Holy Week was fantastic. We had great services all week, and I really loved getting to experience the story of Christ with all of you. All in all it was a wonderful week, but very exhausting, as we had 8 worship services in 7 days. Thankfully, the office was closed yesterday so that everyone on staff could take a much-needed day off to rest. I really appreciated this and I slept in very late.
After getting up and eating a very late breakfast, I pulled up our AT&T menu where I joyfully saw that the movie Interstellar was available for rent. I have wanted to see this movie ever since it was released, but never made it to the theater. I have always been a space nerd and for a long time I really wanted to become an astrophysicist, so for me this movie did not disappoint.
If you have not yet see it, I won’t spoil anything, but suffice it to say, if you are a fan of physics then this movie will be great for you, but if you don’t care for science, then you can probably skip this one. After watching the movie I did my customary reading of all the reviews to see if my thoughts aligned with the critics. Surprisingly, we had similar reflections. It was a great concept, but Christopher Nolan’s reach exceeded his grasp.
But regardless of how good or bad a movie is, if it deals with science, or the end of the world, or astrophysics, I’m in. Plus I watch bad sci-fi movies all the time; it’s a bit of a guilty pleasure.
Well, somewhere in the midst of this three-hour epic movie experience, I began to be drawn into the existential cornucopia of metaphysics that Nolan had created. It’s hard not to, when you have lines like this:“We’ve always defined ourselves by the ability to overcome the impossible. And we count these moments. These moments when we dare to aim higher, to break barriers, to reach for the stars, to make the unknown known. We count these moments as our proudest achievements.”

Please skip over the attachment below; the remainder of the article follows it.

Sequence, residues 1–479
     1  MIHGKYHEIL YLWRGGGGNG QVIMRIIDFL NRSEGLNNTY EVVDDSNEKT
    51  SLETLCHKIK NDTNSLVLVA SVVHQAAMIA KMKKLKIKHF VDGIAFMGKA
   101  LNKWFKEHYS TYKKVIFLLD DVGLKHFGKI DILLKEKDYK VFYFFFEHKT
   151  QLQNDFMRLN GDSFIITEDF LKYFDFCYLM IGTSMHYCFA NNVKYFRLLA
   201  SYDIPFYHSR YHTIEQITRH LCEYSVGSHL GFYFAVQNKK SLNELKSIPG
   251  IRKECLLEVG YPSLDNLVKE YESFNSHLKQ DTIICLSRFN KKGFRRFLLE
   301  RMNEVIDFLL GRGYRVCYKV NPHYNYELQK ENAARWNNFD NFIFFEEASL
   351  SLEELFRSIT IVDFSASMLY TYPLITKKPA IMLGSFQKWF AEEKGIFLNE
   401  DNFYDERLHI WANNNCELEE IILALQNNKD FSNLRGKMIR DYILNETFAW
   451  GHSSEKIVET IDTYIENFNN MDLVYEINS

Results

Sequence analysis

This movie does a fair job of avoiding religion, thankfully, although it does spend a while trying to convince you that love is a scientific principle. In most of these world-ending, sci-fi movies that I watch, there is always a very religious character, preaching judgment or the meaning of life to everyone else. Thankfully this was not present in Interstellar.
Yet in that vein, I did appreciate the manner in which the movie sought to discuss existential issues, looking forward instead of behind. So many movies search for the meaning of life by looking at where we’ve been, and the purpose for our existence. I appreciated that this entire movie was future-oriented. I really enjoyed that they sought to find significance in what they chose to do next, rather than the choices and circumstances that led them to their present reality.
I have nothing too profound to say today, but if you’re into black holes, temporal paradoxes and world-ending movies, then check out Interstellar. Either way, I hope that you too are defined by what you choose to do each day, and not by the choices in your past.
Have a wonderful week my friends,